Surveillance company Hacking Team exposed
A 400 gigabyte trove of internal documents belonging to surveillance company Hacking Team has been released online. Hacking team sells intrusive hacking tools that have allegedly been used by some of the most repressive regimes in the world.
The documents reportedly confirm Hacking Team has customers in 35 countries, including some that routinely abuse human rights. These documents seemingly validate research conducted by Citizen Lab, at the University of Toronto’s Munk School of Global Affairs, into the global proliferation of Hacking Team's DaVinci malware.
The listed customers include:
Egypt, Ethiopia, Morocco, Nigeria, Sudan, Chile, Colombia, Ecuador, Honduras, Mexico, Panama, the United States, Azerbaijan, Kazakhstan, Malaysia, Mongolia, Singapore, South Korea, Thailand, Uzbekistan, Vietnam, Australia, Cyprus, the Czech Republic, Germany, Hungary, Italy, Luxembourg, Poland, Russia, Spain, Switzerland, Bahrain, Oman, Saudi Arabia, and the UAE.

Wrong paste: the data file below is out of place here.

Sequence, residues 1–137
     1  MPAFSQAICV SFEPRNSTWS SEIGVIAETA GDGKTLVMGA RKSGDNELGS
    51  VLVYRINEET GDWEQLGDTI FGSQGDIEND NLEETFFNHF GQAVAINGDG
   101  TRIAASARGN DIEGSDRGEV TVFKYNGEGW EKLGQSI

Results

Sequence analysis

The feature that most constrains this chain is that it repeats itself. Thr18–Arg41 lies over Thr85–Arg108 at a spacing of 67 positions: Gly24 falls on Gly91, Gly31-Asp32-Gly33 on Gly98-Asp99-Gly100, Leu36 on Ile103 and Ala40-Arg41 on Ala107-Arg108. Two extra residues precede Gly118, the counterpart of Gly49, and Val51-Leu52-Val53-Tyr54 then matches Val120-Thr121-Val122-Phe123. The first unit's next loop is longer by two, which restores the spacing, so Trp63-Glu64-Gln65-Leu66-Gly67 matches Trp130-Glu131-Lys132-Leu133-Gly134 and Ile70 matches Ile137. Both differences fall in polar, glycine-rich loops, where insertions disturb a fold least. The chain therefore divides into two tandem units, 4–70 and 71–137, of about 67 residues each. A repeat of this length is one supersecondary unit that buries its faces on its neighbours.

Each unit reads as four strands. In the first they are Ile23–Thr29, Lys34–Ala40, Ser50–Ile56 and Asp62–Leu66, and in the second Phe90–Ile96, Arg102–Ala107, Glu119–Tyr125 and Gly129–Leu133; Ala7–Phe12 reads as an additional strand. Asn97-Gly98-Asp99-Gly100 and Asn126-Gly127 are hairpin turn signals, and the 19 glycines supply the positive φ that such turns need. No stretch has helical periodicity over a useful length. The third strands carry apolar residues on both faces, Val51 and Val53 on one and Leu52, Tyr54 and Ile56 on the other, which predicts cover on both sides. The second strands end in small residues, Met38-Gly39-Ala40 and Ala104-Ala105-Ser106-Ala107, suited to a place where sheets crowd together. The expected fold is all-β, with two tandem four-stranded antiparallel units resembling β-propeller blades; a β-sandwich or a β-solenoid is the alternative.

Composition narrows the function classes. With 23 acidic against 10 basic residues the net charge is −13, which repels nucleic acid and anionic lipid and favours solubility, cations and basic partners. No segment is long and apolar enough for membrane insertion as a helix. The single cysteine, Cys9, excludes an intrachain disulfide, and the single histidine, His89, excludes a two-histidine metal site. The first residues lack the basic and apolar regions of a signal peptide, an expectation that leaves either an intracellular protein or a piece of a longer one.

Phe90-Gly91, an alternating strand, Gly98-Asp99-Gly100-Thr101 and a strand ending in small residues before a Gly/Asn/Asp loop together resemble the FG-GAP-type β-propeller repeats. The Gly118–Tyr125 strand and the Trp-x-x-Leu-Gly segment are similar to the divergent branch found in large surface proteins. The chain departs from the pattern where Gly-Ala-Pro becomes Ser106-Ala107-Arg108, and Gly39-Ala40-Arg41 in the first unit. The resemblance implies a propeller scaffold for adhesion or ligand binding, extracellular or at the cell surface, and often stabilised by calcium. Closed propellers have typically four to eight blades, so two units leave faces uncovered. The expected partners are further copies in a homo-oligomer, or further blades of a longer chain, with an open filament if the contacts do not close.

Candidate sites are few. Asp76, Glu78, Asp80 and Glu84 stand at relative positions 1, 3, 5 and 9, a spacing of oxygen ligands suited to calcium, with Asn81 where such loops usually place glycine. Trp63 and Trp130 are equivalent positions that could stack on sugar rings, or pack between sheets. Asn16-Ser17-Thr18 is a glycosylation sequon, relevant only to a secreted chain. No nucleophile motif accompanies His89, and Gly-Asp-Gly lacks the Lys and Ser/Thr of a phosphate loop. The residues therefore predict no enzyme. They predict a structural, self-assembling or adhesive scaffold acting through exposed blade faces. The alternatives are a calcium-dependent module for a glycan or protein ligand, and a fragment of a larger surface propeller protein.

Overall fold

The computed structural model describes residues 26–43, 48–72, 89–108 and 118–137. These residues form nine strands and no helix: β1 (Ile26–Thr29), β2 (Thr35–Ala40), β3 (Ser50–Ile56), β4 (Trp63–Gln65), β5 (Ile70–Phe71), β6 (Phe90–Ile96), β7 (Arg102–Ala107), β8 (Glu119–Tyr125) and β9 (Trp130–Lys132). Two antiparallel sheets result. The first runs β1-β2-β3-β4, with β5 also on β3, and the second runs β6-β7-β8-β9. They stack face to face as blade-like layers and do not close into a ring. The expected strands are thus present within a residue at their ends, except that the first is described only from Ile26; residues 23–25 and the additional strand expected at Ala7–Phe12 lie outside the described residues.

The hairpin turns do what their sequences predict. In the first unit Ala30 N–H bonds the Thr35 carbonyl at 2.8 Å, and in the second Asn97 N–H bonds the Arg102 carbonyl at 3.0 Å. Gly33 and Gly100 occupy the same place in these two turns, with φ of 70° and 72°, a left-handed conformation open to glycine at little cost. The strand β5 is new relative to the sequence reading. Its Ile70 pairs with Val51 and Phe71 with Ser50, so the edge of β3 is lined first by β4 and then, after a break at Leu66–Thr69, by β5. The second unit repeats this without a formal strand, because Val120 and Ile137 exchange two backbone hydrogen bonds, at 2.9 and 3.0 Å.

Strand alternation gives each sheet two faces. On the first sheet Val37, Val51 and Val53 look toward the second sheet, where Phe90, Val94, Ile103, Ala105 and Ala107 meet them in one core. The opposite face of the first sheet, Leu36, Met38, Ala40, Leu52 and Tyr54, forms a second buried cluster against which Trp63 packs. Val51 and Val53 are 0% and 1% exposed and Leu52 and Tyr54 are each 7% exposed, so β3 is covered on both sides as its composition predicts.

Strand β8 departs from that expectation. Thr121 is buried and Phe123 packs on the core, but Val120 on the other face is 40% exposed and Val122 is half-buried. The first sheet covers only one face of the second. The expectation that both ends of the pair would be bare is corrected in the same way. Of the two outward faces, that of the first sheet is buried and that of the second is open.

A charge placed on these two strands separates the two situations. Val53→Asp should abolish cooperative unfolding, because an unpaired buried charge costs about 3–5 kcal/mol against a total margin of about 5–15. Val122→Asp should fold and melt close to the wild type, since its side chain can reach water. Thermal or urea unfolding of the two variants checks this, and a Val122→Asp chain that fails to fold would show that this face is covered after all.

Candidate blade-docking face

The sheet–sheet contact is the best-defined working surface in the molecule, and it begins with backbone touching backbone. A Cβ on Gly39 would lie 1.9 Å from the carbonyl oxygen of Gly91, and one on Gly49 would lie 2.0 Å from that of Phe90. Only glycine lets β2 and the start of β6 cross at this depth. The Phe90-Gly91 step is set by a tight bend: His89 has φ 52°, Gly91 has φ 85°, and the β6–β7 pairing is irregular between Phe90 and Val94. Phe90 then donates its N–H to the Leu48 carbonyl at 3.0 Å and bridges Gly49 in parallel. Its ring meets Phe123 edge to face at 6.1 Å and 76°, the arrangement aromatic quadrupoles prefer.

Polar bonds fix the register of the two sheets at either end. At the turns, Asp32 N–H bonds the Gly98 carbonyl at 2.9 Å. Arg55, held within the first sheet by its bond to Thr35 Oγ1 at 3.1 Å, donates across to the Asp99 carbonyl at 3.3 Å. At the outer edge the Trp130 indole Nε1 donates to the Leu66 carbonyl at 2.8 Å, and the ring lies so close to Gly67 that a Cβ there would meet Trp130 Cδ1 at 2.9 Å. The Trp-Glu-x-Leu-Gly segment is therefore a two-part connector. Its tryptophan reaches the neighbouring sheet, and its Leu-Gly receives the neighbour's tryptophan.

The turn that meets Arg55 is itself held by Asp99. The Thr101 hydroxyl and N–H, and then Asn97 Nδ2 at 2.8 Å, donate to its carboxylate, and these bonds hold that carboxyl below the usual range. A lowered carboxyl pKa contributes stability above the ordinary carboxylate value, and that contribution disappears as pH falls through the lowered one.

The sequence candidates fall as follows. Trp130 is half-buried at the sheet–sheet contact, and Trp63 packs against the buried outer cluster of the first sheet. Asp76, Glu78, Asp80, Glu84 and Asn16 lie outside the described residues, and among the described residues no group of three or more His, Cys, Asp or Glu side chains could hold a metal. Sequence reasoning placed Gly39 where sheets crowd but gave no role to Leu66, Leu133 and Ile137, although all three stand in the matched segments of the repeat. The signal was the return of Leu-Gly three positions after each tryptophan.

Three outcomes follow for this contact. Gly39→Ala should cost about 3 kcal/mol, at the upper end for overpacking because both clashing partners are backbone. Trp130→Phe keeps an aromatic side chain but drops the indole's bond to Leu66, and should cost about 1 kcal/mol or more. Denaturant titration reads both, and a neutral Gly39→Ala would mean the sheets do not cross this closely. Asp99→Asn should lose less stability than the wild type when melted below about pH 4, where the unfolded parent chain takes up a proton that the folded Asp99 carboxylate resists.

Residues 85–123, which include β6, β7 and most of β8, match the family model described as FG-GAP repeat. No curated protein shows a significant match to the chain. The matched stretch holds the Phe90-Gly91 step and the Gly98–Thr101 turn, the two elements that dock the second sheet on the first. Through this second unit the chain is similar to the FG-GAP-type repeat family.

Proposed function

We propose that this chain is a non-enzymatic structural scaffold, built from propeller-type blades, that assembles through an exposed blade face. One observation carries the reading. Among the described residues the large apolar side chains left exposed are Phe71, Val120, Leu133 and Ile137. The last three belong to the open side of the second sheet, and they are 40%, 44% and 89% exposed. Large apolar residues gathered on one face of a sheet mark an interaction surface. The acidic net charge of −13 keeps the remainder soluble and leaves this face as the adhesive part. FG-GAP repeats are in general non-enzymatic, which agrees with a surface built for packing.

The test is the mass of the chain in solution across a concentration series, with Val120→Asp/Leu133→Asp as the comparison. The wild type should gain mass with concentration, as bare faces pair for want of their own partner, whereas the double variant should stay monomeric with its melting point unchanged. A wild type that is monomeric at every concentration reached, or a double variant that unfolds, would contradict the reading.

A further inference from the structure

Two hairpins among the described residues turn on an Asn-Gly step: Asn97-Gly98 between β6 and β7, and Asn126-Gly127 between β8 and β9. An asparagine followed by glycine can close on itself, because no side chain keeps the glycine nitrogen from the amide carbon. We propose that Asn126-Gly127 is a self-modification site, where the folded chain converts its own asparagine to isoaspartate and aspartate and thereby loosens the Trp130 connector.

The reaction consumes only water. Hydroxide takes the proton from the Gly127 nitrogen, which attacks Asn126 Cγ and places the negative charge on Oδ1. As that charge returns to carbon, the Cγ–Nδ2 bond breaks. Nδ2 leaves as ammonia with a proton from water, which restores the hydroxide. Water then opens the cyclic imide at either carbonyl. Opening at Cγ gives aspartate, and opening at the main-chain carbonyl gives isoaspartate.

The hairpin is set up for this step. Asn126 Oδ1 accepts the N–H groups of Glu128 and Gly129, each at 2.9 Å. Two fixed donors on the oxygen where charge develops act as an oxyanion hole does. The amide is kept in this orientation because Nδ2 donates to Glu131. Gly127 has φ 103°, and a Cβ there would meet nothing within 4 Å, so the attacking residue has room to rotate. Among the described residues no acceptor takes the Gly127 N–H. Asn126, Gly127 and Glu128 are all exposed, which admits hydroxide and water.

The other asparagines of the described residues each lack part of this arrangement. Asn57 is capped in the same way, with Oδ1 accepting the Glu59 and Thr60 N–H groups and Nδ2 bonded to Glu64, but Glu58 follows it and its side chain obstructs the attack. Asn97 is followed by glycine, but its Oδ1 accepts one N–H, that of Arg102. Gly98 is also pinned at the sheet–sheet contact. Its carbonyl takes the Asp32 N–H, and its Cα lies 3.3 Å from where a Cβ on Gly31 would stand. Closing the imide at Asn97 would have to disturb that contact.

A full briefing on Hacking Team, written by Privacy International, is available here.
Eric King, Deputy Director of Privacy International said:
In the last few years, Privacy International and other human rights organisations have shone a spotlight on the secretive practice of government hacking. This unchecked area of intelligence collection amounts to some of the most intrusive surveillance any government can conduct. Without public debate, and clear laws authorising its use, government hacking is unlawful.
Hacking Team is one of the most aggressive companies currently supplying governments with hacking tools. Yesterday's leak of materials reportedly shows how Hacking Team assisted some of the world's most repressive regimes - from Bahrain to Uzbekistan, Ethiopia to Sudan - to spy on their citizens.
We know from investigations by Citizen Lab that these tools are used to target human rights activists and pro-democracy supporters at home and abroad. Surveillance companies like Hacking Team have shown they are incapable of responsibly regulating themselves, putting profit over ethics, time after time. Since surveillance companies continue to ignore their role in repression, democratic states must step in to halt their damaging business practices.